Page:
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VINTAGRAPH • WPA • WWII • RAINIER NATIONAL PARK: c. 1920s

Lafayette Mall: 1904

Lafayette Mall: 1904

Boston circa 1904. "Lafayette Mall -- Masonic Temple and Hotel Touraine." 8x10 inch dry plate glass negative, Detroit Photographic Company. View full size.

 

On Shorpy:
Today’s Top 5

Two Heads Were Better Than One

Apkmax75 points out the head house of the subway station. Allow me to point out the Head Building over on the left edge, at 181 Tremont Street.

Alas, it was one head too many. The Head Building is now the Ansin Building, with a "1" subtracted from the address: it is now 180 Tremont Street instead of 181. (Don't know if the original building was replaced, or embiggened).

Boylston Station (1897)

Boylston and nearby Park Street were the first two stations in Boston's first-in-North America subway system. It's still there, at the southeastern corner of Boston Common, just down the street from this recent photo on Shorpy:
https://www.shorpy.com/node/23804

Tremont St & Boylston St

A lot is still the same

That shorter building is the head house for the Boylston Street subway station.

The more things change --

This is one of those wonderful Boston intersections (basically looking south on Tremont Street as it crosses Boylston Street) where nothing much has changed in 100+ years. Both the Masonic Temple and the Hotel Touraine buildings are still there, although the latter is no longer a hotel. The Masons still occupy the former. But each building is almost completely unchanged from the outside, except for things like a Starbucks occupying the corner of Boylston and Tremont in what used to be the Hotel. The squat concrete structure with the metal roof is the entrance to the Boylston Street station on the MBTA (the "T") Green Line, situated at the southeast corner of the Boston Common. It's still there, completely unchanged, as is the station below ground. (Some would say, unkindly, that the trolley cars on the Green Line haven't changed much since 1904 either.) The building at the far right of the picture, behind the station entrance, is gone, replaced by a larger building that is owned by Emerson College and is presently undergoing a sidewalk-to-rooftop renovation. The building at the far left, next to Masonic Hall, is also gone, replaced by a 14-story structure called the Ansin Building, which is now also part of Emerson College (alma mater of, among others, Jay Leno). But otherwise, that intersection, which is one of those crossroads where, if you stood there long enough, you'd wind up seeing almost everyone you ever knew in Boston, would feel very familiar even today to the newsboy standing in the middle of the picture, or any of the other pedestrians going about their business on what looks like a pleasant spring morning toward the end of President Teddy Roosevelt's first term in office.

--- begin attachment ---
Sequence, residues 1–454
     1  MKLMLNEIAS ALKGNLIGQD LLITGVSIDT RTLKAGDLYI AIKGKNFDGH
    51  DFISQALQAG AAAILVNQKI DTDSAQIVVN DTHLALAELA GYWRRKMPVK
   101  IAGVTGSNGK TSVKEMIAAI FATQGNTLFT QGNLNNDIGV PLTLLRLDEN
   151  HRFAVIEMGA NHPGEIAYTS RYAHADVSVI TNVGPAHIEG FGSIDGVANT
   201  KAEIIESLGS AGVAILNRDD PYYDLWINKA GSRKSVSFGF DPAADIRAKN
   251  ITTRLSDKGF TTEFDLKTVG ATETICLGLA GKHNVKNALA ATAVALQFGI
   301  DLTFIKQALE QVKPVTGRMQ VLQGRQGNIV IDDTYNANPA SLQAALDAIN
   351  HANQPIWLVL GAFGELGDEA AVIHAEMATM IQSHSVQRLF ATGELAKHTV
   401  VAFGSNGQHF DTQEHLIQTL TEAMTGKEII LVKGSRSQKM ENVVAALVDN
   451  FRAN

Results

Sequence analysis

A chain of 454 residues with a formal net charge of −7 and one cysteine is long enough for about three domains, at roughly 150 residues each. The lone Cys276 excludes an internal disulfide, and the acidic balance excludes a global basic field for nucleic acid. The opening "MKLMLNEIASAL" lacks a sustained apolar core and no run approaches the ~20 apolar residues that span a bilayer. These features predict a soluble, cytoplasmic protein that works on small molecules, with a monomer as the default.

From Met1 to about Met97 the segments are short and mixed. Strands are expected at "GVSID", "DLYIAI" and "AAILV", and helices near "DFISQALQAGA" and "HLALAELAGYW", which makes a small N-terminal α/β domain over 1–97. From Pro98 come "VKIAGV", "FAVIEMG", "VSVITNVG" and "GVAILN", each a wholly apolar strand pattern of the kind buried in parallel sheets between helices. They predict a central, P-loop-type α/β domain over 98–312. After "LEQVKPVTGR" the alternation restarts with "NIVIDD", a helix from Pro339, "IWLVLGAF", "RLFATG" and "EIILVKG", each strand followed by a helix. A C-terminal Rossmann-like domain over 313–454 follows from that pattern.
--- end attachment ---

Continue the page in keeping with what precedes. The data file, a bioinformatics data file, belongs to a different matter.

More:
Carpe diem

I know I'm not the only one who enlarges these photos and studies them from stem to stern, but I particularly enjoyed this one. I'm always struck by the pure ordinariness of the day. The two people washing windows. The middle-aged lady who appears to have dropped her handbag. The newsboy. The elegant ladies out shopping. The handsome young man hurrying to an appointment. All of them long dead. How they would have marveled at the thought of us poring over their blurry likenesses 115 years into the future. Trite but true: seize the day.

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